• A domain is more than just a website. I have one page hanging off my domain, which normally says "go somewhere else". the main reason for me owning the domain is for mail redirection.
      • Exactly -- there are 65533 other TCP ports that may also need domain resolution. Internet !== WWW.
  • CC TLD's (Score:3, Interesting)

    by DarkDust ( 239124 ) * <marc@darkdust.net> on Friday December 03, 2004 @09:23AM (#10985103) Homepage

    Well, the second biggest TLD in numbers of registered domains is the .de domain for some time now (I don't know for how long... one year, two years ?). And both .uk and .nl aren't small fish either.

    The DENIC [denice.de] (the registry for the german .de TLD) has an interesting graph showing the number of domains in the ten biggest TLDs [denic.de] (in english).

  • by 88NoSoup4U88 ( 721233 ) on Friday December 03, 2004 @09:23AM (#10985106)
    The dirtiest trick in the book concerning domain names is how some companies use the "Is this domain still available"-forms to register that domainname you asked for, right after you enquired about it.

    I myself have been dumb enough to first enquire about a few (nosoup4u.com/nosoup4u.net) ; only to find out the hard way it had been registered only a couple days later.

    If the site(s) would at least be used, it wouldn't be too disturbing to me... but since it's only registered, to be bought over by the highest bidder...

    I also know it's very hard to regulate this ; and even harder to 'check' if someone is really 'using' a site ; As , after all, someone could be using it (without my knowledge) purely to use it for, eg. FTP transfers, and not a website.

    Still, it gives me a sour taste in my mouth.

    • I'd do a test and see if they do that with a completely random domain: 'dfnl2398723.com', and if so, I'd write a script which hit their site for 10-20 random domains per day, maybe thru some of the web-anonimizer services to give different IPs. At just $5/domain, you'd cost them $50-$100 per day for their assholishness :-)
      • But what if the "check it out" site is in fact an unscrupulous registrar? in that case registering the domain costs them nothing. (Someone speak up if it does actually cost them something.)

        MOST of the squatted domains I've encountered are owned by either registrars, 3rd party brokers, or by hosting companies who *also* broker domains. Which is why I think such outfits should not be allowed to own any domain except those they can demonstrate a need for in their business.

  • include pictures of some ladies cat or some family's newborn baby. http://fromthemorning.blogspot.com/ [blogspot.com]
  • One per company (Score:3, Interesting)

    by YetAnotherName ( 168064 ) on Friday December 03, 2004 @09:36AM (#10985181) Homepage
    Wasn't it policy back in the dark ages (I seem to remember it from '88-'90 or so) that you could get one (and only one) domain name per company. headache.com and constipation.com wouldn't both go to Johnson & Johnson or some other drug company; you'd have just johnson-and-johnson.com.

    Is this a false memory? I also seem to recall that microsoft.com had just launched its MSN service to go head-to-head with Prodigy, CompuServe, and AOL. And to get the domain name msn.com, didn't they create a small business just down the street from the main campus, something like Micro Solutions Networking (MSN)? I swear I could remember doing a whois on it in like '92 or so and seeing the highly suspicious street address.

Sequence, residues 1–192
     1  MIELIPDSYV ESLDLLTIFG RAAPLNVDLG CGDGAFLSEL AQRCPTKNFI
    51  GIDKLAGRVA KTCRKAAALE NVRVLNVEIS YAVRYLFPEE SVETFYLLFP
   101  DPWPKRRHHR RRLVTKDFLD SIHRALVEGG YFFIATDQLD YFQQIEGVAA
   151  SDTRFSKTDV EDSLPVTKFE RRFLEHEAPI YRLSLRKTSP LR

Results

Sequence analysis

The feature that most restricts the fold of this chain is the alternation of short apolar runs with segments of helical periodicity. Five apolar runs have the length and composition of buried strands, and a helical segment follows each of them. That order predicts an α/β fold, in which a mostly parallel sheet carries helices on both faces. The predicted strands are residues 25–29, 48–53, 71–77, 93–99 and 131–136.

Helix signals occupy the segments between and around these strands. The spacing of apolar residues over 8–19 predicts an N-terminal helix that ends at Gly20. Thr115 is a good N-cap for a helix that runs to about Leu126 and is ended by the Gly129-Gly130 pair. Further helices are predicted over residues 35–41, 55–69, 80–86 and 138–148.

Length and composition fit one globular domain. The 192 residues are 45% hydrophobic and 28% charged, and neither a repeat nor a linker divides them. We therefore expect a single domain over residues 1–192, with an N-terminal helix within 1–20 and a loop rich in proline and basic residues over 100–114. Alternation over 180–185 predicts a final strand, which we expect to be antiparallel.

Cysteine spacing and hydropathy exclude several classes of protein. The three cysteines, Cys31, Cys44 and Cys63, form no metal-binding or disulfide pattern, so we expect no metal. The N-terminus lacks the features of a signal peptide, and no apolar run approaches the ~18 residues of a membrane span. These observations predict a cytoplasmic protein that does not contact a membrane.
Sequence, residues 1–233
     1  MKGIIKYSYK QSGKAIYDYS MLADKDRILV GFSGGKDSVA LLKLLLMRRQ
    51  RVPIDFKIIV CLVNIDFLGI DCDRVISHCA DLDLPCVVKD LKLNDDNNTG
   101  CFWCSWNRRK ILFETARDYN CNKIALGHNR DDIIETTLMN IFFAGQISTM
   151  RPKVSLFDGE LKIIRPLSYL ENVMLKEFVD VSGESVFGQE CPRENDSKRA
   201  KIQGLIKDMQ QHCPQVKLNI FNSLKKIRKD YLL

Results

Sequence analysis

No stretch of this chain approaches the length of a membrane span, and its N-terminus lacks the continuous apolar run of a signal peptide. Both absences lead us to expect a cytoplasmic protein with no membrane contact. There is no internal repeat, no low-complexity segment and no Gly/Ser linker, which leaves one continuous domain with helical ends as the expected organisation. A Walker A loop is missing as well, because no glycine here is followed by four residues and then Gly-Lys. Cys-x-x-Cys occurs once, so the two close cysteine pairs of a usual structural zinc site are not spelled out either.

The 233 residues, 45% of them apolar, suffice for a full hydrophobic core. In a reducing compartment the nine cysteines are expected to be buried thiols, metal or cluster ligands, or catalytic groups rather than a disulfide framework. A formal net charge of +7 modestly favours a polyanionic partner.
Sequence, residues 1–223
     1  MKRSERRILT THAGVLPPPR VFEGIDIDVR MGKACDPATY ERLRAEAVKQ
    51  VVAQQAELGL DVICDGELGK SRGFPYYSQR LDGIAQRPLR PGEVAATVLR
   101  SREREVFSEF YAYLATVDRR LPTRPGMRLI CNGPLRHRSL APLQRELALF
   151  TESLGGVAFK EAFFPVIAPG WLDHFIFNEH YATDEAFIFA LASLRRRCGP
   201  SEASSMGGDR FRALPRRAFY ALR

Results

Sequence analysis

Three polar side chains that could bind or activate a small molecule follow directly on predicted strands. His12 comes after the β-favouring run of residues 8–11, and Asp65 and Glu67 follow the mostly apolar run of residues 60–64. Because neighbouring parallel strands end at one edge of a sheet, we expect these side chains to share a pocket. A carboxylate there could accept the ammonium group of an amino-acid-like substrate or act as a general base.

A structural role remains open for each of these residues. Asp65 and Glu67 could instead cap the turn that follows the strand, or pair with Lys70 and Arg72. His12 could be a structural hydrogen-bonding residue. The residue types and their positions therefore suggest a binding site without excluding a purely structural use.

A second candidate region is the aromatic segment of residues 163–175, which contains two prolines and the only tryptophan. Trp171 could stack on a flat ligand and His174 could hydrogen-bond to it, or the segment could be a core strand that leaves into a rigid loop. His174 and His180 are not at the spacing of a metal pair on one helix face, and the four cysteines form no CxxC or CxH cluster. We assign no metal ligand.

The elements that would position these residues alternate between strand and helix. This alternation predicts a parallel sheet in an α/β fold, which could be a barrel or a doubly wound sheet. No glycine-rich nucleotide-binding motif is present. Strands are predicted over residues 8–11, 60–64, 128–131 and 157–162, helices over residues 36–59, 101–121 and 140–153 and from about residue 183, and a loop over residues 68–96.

• .eu (Score:3, Interesting)

    by smacktits ( 737334 ) on Friday December 03, 2004 @09:43AM (#10985217)

    country code top-level domains are becoming more widely accepted.

    Speaking of country code TLDs, anyone know for sure when .eu will become available? I've been waiting for that for a year now.

    • The European Union is not a country, it shouldn't have a TLD.

      /Mikael

      • Re:.eu (Score:2, Insightful)

        by smacktits ( 737334 )
        The EU is a large association of countries and is quite justified in having a TLD. I would have no problems with allotting TLDs to South America, North America, Asia, Australasia or other regions.

        I can't say the same for .info, .biz, .tv and all the other crappy ones out there.
    • "Speaking of country code TLDs, anyone know for sure when .eu will become available?"

      The EU isn't a country, it doesn't have a country code, and it won't be recognised by ICANN. All of the territory of the EU overlaps other countries, therefore it will not become a country code. ICANN is keeping the .eu domain reserved for this purpose, but doesn't plan to create a country-specific domain for a non-country.

      Disclaimer: everything I know I learned from wikipedia! ;-)

      At the moment, EU sites are using *.eu.
  • by Saeger ( 456549 ) <farrellj@gPOLLOCKmail.com minus painter> on Friday December 03, 2004 @09:49AM (#10985253) Homepage
    Just thought that it would be interesting to note that NetworkSolutions and Register.com are in the Top10 losing registrars [webhosting.info]. Seems many people have been wising up to overpaying for inferior service and are transfering their domains.

    The fastest growing registrar [webhosting.info] happens to be GoDaddy.com, where I moved all my domains to several years ago.